The term E. coli is enough to strike fear into most people. We all worry about food poisoning, especially in situations where we don't have control: i.e. restaurants and the supermarkets where we buy our food. But not all E. coli contamination is the same. Let’s look at the facts and get a clearer picture.
First of all, E.coli is simply the name for a germ, or bacterium, that lives in the digestive tracts of both humans and animals. There are several types of E. coli, and the majority of them are totally safe and harmless. On the other hand, there are some strains that can cause the serious side effect of bloody diarrhea. These strains are called enterohemorrhagic E. coli (EHEC). If the condition progresses, it can lead to severe anemia or kidney failure, which can lead to death. (Scientists are now trying to find the source of the strain of E.coli that is rampant in Europe.)
One of the most alarming aspects of E. coli is that you can not only be infected by it through contact with the feces or stool of people or animals – but you can also get infected by eating food or drinking water that has been contaminated by feces. This can happen during the processing of meat in plants. Any food that has been in contact with raw meat can also become infected.
It’s not just meat, either. E. coli contamination has been found in milk and other dairy products. Buying products that say “pasteurized” may help to protect you. This means the food has been heated to destroy bacteria. E coli have also been found in raw fruits and vegetables, such as lettuce, cucumbers, alfalfa sprouts and lettuce.
Other danger spots: lakes, pools, and water supplies. People can become infected when a contaminated city or town water supply has not been properly treated with chlorine or when people accidentally swallow contaminated water while swimming.
The good news is that most strains of E coli will usually go away on threir own. You can help yourself by drinking sips of water because the diarrhea can lead to dehydration. This condition is especially serious for the elderly. If you have bloody diarrhea that may be from an E. coli infection, do not take diarrhea medicine or antibiotics. These medicines can slow down the digestion process, allowing more time for your body to absorb the poisons made by the E. coli.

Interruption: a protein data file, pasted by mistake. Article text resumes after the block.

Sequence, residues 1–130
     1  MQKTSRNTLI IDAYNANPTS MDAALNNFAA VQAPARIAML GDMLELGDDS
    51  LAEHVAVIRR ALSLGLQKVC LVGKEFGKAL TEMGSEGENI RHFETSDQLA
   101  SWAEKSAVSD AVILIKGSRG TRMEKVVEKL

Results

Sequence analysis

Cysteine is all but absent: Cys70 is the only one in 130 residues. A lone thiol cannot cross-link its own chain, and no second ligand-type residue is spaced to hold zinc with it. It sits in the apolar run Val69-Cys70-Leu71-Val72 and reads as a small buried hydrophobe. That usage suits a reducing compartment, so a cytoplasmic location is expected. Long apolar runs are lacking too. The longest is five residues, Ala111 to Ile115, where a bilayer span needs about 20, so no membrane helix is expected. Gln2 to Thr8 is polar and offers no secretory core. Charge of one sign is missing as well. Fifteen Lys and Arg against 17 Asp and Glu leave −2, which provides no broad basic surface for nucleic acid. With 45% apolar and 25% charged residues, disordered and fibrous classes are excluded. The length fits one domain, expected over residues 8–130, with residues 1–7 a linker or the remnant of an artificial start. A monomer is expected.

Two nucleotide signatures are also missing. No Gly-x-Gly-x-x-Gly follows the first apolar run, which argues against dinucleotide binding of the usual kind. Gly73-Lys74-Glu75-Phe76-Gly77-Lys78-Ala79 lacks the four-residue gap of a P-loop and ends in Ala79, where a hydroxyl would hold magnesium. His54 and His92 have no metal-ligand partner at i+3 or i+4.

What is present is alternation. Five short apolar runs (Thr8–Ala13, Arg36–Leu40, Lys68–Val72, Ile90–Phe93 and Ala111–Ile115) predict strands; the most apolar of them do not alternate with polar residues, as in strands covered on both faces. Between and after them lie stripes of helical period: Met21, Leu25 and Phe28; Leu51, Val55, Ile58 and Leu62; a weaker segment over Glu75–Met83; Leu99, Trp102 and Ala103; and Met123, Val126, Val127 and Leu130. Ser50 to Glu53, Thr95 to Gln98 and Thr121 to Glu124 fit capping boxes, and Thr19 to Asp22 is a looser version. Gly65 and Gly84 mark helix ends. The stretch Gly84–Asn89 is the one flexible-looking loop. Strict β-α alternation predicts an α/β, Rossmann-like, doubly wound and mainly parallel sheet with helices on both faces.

Call your doctor. In some cases, E. coli infection can cause more serious problems with the blood and kidney, and in the most dangerous cases, can be treated with blood transfusions or dialysis.
Since food and water infected with E-coli looks and smells normal, it’s not so easy to prevent contamination. Here are guidelines from the Center for Disease Control (CDC):
Cook all types of beef, but especially ground beef, to at least 160°F (71°C).
In the kitchen, wash your hands with hot, soapy water often, especially after you touch raw meat.
Wash any tools or kitchen surfaces that have touched raw meat.
Use only pasteurized milk, dairy, and juice products.
Use only treated, or chlorinated, drinking water.
When you travel to countries that may have unsafe drinking water, don't use ice or drink tap water. Avoid raw fruits and vegetables, except those with skin that you peel yourself.
Wash your hands often, and always wash them after you use the bathroom.
Robin Westen is ThirdAge’s Medical Reporter. Check for her daily updates.
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